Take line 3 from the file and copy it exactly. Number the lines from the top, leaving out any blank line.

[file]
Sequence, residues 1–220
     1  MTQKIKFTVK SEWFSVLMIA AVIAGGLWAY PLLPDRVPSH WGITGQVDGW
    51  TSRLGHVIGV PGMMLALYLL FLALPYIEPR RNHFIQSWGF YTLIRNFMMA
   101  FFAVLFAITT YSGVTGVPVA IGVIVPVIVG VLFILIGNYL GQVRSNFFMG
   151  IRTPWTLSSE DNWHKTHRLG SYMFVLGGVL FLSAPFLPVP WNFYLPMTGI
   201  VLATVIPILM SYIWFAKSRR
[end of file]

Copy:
    51  TSRLGHVIGV PGMMLALYLL FLALPYIEPR RNHFIQSWGF YTLIRNFMMA